Skip to content

G.B. Smith: An Inventory

January 15, 2012

By June 1915, Geoffrey Bache Smith had been in the Army for several months and was in a good position to advise his friend J.R.R. Tolkien on the practical matters of his own enlistment. On ?20 June Smith wrote to Tolkien, detailing at length what the new officer should have in his camp kit (and which he was expected to buy, out of an Army allowance or at his own expense): ‘a bed, bath- and washstand, sleeping-bag, and at least two blankets or rugs; also a hair (not an air) or down pillow, and I rather advise a mattress (cork), and a few other things . . .’ (Tolkien Papers, Bodleian Library, Oxford; see The J.R.R. Tolkien Companion and Guide: Chronology, pp. 67–8). The ‘few other things’ became many as Smith went on. He also advised where Tolkien should obtain his gear and on fine points of officers’ clothing.

Eighteen months later, Smith was dead, after being wounded by shrapnel and succumbing to gas gangrene. On 11 December 1916, eight days after his death, Smith’s surviving personal effects were recorded in War Office files, now in the National Archives at Kew. Documents like the inventory of Lieutenant Smith’s property given below (from National Archives reference number WO 339/28936, read while researching the Companion and Guide) are of little consequence in the larger history of the First World War, but they help to personalize the conflict by focusing on one man rather than the tens of millions who served; and while this particular document would be of comparatively less importance to a biography of G.B. Smith than his letters and poetry, it serves to reflect the man through the small things that gave him comfort. It suggests, as well, the kinds of personal goods Tolkien himself would have carried during his own wartime service.

Inventory of effects, 11 Dec. 1916

spirit flask
hair brush
3 brushes (shaving) [for applying soap]
4 pipes
note book
tin cont[ainin]g: cigarettes
razor strop
2 packets of tobacco
pocket knife
2 tie pins
3 studs [shirt fasteners]
3 pencils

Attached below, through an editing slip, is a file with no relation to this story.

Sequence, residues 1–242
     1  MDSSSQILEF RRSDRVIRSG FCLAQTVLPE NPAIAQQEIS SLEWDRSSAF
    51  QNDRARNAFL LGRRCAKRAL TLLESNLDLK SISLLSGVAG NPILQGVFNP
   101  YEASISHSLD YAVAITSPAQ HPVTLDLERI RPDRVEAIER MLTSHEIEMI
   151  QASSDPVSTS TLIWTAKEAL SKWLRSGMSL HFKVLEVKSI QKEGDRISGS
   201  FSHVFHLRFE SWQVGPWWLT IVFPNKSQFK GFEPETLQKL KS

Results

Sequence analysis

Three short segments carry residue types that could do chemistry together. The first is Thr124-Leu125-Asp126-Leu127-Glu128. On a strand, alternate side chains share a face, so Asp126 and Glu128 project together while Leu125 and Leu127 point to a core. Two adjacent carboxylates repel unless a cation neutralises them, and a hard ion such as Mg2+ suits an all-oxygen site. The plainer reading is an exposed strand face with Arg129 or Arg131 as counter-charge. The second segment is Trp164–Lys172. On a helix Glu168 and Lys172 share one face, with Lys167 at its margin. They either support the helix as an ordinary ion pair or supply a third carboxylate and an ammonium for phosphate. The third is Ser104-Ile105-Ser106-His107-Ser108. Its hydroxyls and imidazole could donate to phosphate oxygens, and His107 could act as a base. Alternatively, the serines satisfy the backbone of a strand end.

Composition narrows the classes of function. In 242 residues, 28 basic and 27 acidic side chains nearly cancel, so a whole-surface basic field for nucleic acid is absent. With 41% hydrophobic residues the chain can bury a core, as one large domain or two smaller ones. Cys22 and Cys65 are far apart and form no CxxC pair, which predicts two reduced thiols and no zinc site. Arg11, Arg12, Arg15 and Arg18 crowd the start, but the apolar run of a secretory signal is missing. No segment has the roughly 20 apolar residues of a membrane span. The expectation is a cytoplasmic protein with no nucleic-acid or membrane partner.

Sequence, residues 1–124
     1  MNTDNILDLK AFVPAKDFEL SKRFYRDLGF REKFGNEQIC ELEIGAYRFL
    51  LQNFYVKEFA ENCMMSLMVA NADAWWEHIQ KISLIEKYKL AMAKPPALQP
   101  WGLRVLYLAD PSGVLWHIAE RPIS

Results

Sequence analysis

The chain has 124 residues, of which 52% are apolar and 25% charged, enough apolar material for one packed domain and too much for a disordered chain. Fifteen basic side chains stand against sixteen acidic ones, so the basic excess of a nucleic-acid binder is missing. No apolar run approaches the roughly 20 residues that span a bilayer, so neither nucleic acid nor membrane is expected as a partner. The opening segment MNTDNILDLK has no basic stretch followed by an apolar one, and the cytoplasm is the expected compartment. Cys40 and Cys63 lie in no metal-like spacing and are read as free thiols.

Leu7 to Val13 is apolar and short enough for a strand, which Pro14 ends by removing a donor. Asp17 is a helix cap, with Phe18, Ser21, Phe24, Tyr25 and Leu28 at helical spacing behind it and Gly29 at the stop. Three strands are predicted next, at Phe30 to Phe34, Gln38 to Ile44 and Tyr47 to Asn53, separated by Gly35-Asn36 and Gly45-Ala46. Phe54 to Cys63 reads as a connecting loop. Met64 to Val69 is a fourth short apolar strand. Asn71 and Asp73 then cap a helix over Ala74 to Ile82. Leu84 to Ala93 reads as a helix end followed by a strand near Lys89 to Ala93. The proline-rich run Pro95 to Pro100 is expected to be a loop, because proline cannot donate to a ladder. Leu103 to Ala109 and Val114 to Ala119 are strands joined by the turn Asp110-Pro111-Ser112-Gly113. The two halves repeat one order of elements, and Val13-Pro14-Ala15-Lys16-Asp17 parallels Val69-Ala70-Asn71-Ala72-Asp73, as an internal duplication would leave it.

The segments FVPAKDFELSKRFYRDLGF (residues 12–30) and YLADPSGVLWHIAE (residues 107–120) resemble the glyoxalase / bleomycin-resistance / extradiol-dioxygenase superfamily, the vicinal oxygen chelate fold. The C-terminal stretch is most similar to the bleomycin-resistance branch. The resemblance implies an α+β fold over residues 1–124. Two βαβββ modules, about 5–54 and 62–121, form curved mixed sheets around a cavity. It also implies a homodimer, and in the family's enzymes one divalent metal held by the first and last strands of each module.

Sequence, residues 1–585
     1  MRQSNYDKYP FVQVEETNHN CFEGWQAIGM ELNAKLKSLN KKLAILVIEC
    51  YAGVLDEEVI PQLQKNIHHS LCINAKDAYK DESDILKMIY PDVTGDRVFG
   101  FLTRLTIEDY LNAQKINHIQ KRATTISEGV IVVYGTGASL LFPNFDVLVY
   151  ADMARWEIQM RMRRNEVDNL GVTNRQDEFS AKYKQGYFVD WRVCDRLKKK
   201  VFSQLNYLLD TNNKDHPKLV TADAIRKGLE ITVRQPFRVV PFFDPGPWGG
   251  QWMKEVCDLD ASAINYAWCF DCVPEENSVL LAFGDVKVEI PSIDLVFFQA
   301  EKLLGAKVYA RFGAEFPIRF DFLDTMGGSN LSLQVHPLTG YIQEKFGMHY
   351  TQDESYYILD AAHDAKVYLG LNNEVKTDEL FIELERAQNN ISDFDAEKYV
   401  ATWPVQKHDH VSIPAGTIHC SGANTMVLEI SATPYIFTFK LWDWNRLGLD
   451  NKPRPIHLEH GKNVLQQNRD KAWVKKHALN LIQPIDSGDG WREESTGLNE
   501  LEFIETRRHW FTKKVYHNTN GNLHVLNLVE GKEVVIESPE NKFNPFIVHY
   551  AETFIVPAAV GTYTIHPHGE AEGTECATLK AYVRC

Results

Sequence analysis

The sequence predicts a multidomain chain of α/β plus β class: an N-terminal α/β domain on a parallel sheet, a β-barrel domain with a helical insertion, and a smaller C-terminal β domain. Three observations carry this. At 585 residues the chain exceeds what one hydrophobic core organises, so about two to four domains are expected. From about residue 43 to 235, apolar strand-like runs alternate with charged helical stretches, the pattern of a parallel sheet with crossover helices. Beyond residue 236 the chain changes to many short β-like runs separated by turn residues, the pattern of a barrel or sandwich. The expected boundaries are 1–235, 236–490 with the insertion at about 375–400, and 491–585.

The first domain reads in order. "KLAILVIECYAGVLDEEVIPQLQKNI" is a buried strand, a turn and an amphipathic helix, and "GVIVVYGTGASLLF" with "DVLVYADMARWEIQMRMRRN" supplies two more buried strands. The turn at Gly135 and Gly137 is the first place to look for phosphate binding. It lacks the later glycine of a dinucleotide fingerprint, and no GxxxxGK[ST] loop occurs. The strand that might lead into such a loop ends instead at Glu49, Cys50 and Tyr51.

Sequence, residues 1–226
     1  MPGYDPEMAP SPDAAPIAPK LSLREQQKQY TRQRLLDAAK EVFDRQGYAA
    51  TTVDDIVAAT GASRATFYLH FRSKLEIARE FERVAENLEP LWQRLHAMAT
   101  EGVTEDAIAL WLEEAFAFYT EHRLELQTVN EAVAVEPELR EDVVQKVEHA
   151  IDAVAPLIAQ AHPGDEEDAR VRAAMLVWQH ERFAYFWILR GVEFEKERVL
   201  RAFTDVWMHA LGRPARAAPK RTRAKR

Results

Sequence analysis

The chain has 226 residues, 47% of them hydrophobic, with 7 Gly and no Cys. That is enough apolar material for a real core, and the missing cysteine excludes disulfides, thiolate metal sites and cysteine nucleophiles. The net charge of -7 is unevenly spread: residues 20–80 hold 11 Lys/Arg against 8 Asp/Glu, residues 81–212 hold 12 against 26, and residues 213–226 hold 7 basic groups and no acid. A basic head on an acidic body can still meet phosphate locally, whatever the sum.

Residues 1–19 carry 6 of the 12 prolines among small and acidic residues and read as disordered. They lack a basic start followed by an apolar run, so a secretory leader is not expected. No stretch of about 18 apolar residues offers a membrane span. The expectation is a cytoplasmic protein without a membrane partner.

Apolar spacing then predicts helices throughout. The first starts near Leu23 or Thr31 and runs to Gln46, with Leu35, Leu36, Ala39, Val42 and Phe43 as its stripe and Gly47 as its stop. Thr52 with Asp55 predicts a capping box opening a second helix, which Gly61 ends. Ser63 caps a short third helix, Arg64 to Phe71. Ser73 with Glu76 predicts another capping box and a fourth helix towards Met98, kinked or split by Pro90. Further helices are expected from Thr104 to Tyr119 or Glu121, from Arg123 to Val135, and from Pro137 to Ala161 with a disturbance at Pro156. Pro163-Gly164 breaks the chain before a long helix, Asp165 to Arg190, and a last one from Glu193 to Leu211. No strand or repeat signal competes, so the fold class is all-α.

1 cloth bag
1 comb in case
1 comb
1 officer’s advance book
2 tobacco pouches
glass mirror
2 tooth brushes
shaving stick
metal cigarette case
fountain pen
ink tablet tube
3 identity discs
razor
wrist watch (damaged) and strap
note wallet
postal packet; A.F. [Army Form] W. 3100
cheque book
large note book
2 writing pads
pad cont[ainin]g: correspondence etc.

These miscellaneous items were to be forwarded to Smith’s mother in Grove Crescent, West Bromwich (north-west of Birmingham). They still had not reached her by 26 December, when she wrote to Tolkien.

Notably absent from this list are any articles of clothing or larger pieces of camp kit, or any books that had been in Smith’s possession. It may be that these were only the effects on his person when he was wounded, separate from whatever he may have left at his base. Notably present is plentiful equipment for writing and especially for smoking: four pipes, two tobacco pouches, and a tin of cigarettes!

3 Comments
  1. David Doerr permalink
    January 15, 2012 11:52 pm

    In his biography of Tolkien, Humphrey Carpenter writes on the first page of his chapter, “The breaking of the fellowship”:

    “Tolkien arrived At Calais on Tuesday 6 June and was taken to base camp at Etaples. Somehow on the journey his entire kit had been lost: camp-bed, sleeping-bag, mattress, spare boots, wash-stand, everything that he had chosen with care and bought at great expense had vanished without trace into the interstices of the army transport system, leaving him to beg, borrow, and buy replacements.”